Saturday, 01/29/2022 at 7:00 PM - 10:30 PM
Sunday, 02/20/2022 at 6:30 PM -Tuesday, 02/22/2022 at 6:30 PM
Saturday, 02/26/2022 at 11:00 AM - 3:00 PM
Thursday, 03/10/2022 at 6:30 PM
Dear brothers and sisters, good morning!
Today I will reflect with you on my recent apostolic journey to Panama. I invite you to give thanks with me to the Lord for this grace that He wished to give to the Church and to the people of that dear country. I thank the president of Panama and the other authorities, the bishops and I thank all the volunteers — there were so many — for their warm and informal welcome, the same as we witnessed in the people who hastened to greet me everywhere, with great faith and enthusiasm. One thing that struck me greatly: the people lifted the children up in their arms. As the popemobile passed, all those with children held them up as if to say: “Here is my pride, here is my future!” And they showed off their children. But they were many! And the fathers and mothers were proud of those children. I thought: There is so much dignity in this gesture and how eloquent it is compared with the demographic winter we are experiencing in Europe! Children are the pride of that family. Children are the security for the future. The demographic winter, without children, is harsh!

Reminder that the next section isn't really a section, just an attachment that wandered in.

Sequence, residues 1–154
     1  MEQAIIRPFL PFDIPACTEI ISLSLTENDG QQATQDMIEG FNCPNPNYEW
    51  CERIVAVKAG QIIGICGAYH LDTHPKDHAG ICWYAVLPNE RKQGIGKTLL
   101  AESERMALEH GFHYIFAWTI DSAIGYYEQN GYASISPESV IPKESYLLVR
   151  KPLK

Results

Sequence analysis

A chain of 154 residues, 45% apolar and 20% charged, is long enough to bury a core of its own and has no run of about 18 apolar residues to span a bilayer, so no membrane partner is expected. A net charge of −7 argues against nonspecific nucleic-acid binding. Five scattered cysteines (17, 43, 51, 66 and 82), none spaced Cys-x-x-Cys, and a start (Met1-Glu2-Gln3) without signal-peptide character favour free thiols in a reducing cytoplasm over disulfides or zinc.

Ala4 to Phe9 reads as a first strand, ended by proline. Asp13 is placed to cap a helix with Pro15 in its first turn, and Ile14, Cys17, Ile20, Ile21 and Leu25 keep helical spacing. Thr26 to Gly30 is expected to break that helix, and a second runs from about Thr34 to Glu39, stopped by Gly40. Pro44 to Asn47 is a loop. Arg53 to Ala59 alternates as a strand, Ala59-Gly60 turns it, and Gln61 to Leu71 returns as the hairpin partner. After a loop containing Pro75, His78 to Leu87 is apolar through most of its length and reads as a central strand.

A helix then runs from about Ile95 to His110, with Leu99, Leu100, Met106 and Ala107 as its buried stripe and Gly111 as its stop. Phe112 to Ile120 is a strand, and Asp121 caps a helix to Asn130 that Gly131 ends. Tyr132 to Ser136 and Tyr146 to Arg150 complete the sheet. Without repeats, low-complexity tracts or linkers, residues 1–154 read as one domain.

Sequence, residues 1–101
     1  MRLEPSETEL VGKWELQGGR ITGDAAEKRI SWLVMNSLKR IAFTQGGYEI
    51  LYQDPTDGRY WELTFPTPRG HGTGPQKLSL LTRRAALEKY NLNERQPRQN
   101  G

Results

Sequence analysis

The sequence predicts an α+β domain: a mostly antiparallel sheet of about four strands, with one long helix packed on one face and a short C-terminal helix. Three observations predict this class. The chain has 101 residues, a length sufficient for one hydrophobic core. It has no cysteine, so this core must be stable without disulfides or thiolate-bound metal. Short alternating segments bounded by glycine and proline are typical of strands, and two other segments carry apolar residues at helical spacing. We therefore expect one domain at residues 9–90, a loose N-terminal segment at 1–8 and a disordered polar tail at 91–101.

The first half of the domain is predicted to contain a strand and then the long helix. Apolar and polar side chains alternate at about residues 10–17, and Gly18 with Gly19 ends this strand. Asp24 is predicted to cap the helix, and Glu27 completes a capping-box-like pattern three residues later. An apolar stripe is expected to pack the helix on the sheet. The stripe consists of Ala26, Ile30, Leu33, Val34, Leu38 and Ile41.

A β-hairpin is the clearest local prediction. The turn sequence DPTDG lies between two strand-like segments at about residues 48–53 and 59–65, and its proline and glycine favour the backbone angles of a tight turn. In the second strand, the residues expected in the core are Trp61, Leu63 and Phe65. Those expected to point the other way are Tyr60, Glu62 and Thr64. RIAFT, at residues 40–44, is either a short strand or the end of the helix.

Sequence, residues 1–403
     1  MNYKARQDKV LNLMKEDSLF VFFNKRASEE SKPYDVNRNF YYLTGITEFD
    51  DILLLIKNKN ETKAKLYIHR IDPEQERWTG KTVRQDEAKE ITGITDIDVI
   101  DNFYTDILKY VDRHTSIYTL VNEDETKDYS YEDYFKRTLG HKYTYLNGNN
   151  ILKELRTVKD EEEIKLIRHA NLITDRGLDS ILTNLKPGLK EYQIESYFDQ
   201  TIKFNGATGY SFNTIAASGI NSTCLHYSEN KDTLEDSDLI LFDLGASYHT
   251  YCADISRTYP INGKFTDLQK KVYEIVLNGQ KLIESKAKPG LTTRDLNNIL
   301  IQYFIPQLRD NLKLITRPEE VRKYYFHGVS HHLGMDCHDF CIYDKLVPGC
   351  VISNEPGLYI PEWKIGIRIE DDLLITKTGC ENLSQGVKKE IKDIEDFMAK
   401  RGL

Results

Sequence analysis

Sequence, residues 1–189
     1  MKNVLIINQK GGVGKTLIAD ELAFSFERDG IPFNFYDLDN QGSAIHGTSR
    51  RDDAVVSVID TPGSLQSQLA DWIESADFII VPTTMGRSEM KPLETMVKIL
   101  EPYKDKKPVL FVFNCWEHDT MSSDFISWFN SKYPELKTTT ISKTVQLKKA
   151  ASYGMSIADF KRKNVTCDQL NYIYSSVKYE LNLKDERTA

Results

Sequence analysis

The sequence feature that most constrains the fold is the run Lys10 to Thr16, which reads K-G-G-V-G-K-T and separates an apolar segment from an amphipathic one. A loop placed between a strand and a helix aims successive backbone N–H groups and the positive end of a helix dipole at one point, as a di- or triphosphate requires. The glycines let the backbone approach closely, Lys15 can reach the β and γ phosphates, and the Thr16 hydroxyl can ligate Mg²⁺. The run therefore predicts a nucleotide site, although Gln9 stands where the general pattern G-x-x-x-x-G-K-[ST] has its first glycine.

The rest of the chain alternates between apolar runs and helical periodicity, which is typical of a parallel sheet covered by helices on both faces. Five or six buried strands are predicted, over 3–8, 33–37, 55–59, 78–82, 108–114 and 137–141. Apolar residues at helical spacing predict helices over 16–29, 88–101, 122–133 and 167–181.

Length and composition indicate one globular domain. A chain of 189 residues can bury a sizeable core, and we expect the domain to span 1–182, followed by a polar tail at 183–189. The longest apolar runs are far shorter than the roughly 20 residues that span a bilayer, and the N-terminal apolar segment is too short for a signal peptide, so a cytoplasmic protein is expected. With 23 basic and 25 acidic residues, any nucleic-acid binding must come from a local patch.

The reason for this journey was World Youth Day, although the encounters with young people were intertwined with others that were part of the country’s situation: authorities, bishops, young detainees, consecrated people and a care home. Everything seemed “contagious” and combined with the joyful presence of young people: a celebration for them and a celebration for Panama, as well as for all of Central America, marked by many tragedies and in need of hope, peace and justice too.